The greens wont increase their share of the vote, sure they may poll between 13-15% before the election and heck some polls may have them as high as 20%, come election day they will get around 9-10% in the next election.

        Rena helped them last time, because it got people thinking about the environment.

        • Colonial Viper 14.2.1.1

          You really think there won’t be another environmental or conversation disaster between now and next election? I’ll give you a clue: National are enacting a tonne of anti-conservation moves which are going to help the Greens very nicely thank you.

          • Brett Dale 14.2.1.1.1

            The odds are there wont be another one just before the election, like last time, the Rena must of given the greens at least another 2% in the party vote.

            Again they will poll between 13-20%, the actual election they will get just over 10%

            • fender 14.2.1.1.1.1

              How lucky it is we have such a wise person like you with your ability to see into the future. Since your 10:56am prediction of 9-10% and your 11:59am of ‘just over’ 10% there’s been an almost 1% increase, that good for only 1 hour, please come back in a few hours and give another update.

              Some may see your name and say ‘oh no not Bread Stale’, but not me, I know a genuine clairvoyant when I see one.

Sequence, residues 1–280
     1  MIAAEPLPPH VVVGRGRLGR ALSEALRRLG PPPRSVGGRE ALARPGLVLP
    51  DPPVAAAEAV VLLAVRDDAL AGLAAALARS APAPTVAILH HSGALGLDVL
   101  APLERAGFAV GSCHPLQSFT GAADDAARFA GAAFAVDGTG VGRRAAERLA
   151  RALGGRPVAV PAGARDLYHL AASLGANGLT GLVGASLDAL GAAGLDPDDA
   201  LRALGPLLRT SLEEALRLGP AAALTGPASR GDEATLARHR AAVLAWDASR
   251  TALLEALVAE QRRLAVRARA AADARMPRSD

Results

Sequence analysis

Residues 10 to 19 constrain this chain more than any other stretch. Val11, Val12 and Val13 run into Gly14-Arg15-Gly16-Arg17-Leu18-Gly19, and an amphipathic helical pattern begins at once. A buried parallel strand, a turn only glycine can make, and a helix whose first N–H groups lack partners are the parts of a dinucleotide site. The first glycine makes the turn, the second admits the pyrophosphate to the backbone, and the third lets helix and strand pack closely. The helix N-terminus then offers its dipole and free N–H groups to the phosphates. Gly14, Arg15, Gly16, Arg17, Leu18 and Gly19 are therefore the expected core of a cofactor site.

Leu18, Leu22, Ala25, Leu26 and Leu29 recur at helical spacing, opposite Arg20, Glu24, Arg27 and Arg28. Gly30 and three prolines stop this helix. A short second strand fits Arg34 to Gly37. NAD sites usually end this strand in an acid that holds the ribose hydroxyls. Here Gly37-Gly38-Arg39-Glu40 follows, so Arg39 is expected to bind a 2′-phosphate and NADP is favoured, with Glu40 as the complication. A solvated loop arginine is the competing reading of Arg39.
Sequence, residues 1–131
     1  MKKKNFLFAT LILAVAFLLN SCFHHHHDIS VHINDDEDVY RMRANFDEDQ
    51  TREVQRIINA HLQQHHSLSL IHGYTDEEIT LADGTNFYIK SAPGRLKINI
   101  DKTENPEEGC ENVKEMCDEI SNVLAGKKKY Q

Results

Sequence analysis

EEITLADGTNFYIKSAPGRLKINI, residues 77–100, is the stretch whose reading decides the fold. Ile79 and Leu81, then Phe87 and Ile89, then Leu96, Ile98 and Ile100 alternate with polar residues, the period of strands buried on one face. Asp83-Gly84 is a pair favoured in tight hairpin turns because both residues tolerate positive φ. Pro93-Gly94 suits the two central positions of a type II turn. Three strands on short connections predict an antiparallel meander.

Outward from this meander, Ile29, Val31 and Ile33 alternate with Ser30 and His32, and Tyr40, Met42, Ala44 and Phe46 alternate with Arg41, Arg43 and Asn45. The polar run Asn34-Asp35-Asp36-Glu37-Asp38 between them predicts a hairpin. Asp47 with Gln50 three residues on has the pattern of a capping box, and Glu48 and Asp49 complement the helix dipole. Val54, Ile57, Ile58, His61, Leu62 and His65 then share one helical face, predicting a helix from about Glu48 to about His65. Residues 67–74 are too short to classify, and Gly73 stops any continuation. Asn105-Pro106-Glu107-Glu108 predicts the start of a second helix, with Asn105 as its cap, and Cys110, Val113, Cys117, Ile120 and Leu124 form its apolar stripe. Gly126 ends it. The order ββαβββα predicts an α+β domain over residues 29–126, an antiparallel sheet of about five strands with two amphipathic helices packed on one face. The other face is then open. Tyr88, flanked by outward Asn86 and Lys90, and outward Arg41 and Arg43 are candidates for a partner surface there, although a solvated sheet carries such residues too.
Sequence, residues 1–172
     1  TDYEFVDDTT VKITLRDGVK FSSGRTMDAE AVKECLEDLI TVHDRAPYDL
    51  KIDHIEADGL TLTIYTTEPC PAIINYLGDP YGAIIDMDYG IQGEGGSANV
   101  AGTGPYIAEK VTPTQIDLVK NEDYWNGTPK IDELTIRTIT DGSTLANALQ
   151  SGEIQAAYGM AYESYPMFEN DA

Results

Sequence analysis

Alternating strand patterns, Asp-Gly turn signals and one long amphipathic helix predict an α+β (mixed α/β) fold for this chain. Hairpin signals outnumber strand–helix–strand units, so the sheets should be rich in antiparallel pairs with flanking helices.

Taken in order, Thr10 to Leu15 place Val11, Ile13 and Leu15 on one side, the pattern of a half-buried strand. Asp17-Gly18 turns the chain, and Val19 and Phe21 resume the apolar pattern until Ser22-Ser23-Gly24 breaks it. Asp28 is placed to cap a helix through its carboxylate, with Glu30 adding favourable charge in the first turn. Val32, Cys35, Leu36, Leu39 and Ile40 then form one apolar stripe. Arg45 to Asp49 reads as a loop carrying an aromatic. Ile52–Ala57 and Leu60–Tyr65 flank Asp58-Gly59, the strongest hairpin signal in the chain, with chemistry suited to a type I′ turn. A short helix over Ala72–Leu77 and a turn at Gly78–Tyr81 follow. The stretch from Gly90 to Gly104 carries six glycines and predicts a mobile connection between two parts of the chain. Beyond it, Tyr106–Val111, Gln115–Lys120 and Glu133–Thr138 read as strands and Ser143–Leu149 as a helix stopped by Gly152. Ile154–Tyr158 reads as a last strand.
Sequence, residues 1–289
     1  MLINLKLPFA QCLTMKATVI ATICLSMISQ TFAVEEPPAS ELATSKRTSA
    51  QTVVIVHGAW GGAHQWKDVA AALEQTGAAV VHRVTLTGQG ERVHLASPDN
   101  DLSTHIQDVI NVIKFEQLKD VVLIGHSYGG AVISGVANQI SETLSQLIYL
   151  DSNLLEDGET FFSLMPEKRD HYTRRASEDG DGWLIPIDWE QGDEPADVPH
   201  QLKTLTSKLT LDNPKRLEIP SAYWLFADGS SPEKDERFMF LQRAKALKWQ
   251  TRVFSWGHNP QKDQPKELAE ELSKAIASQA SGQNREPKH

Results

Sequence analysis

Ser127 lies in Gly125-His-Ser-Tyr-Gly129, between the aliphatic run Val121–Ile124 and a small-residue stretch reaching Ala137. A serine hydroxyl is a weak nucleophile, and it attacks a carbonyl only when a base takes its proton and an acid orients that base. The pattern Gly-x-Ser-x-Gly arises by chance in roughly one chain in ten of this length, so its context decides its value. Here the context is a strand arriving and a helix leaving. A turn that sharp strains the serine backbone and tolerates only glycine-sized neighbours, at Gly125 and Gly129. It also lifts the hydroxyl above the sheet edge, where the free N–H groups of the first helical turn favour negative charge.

• Rob 14.2.1.1.2

            There may well be, odds on its probably very likely. However we now realise that the green rhetoric is as empty and based on grandstanding as everyone elses. So what new policy actually came out of the Rena disaster, how did they use it to influence NZ in a postive way. All we saw was major of flapping of hands as it was pronounced that this was NZ worst eclogical disaster and would leave a stain on BOP for decades. So what is the update on supposedly NZ’s worst ecological disaster.

        • Rich the other 14.2.1.2

          Greens won’t get even 9%, people are waking up to there desire to stop almost any development.

          Beware ,they have a new cowardly tactic , this to oppose new developments under a different name as demonstrated by the appeal against the kapiti/Levin freeway, its actually the greens in disguise.

          The same tactic is being used on the west coast in an appeal against a mining venture,

          • framu 14.2.1.2.1

            you havent actually bothered to read any green policy have you – the whole anti development thing proves it. Its the calling card of the ignorant

        • felix 14.2.1.3

          Hey Brett, what were you predicting for the Greens last election? 7% wasn’t it?

          And how’d they do? 14% wasn’t it?

          This new prediction of yours is very exciting…

  15. Dv 15

    Another way to look at the numbers
    1million? on advertising attracted 73,000 ‘new’ investors (although I dont really know how they got that number)
    OR
    $140 per investor.

    • Colonial Viper 15.1

      What are you talking about? $1M spend? Dream on – the marketing campaign alone cost roughly 30x that.

      • Rob 15.1.1

        You do realise that $1M media spend in a tight timeframe is actually quite a lot CV and gives a lot of TARP’s.

  16. Dv 16

    I thought the tv/new was 1m
    If it is 30m, that is $4200 per new investor!!!!
    Yikes.

    • Chris 16.1

      You might want to check your maths in both places you’ve done it.

      $30m over 73,000 investors is $411 per investor.

      Also the new investors figure would have come from the number of purchasers who needed an investor number or whatever they are called.

  17. Enough is Enough 17

    r0b